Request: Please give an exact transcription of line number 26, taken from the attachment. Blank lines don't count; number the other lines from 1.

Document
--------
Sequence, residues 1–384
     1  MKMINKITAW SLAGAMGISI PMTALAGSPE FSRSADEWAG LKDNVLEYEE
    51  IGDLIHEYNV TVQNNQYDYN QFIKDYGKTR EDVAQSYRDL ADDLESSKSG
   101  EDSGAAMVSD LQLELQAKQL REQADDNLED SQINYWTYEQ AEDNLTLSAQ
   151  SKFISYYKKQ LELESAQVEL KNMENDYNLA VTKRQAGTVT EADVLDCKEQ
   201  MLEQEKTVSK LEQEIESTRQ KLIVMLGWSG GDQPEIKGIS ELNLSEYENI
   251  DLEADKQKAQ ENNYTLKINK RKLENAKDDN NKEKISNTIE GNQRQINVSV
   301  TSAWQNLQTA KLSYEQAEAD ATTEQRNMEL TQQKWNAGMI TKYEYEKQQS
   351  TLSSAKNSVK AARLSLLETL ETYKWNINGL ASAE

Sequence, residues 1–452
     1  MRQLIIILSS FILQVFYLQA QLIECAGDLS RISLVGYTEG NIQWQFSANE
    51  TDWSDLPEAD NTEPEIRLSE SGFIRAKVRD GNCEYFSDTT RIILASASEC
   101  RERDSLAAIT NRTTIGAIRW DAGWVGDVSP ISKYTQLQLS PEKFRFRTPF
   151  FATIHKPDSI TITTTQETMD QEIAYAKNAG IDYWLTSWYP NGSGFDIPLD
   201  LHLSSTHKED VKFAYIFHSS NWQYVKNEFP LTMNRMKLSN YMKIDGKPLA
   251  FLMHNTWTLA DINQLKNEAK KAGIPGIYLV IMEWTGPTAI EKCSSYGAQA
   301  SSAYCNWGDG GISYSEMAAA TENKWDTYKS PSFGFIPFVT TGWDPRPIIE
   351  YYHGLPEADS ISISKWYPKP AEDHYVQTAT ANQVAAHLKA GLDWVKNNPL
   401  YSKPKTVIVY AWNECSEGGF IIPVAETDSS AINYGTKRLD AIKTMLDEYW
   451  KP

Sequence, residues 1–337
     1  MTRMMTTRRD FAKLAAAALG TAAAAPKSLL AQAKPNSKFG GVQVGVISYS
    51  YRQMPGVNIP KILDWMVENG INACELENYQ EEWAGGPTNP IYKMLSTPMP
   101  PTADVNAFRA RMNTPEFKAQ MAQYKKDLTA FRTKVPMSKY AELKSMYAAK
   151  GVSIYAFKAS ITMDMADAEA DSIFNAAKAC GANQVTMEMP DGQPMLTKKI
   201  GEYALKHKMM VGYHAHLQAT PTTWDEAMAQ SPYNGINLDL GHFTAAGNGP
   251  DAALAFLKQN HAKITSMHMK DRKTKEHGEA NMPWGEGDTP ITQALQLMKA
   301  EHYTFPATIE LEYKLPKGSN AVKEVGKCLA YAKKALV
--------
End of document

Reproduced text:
   201  GEYALKHKMM VGYHAHLQAT PTTWDEAMAQ SPYNGINLDL GHFTAAGNGP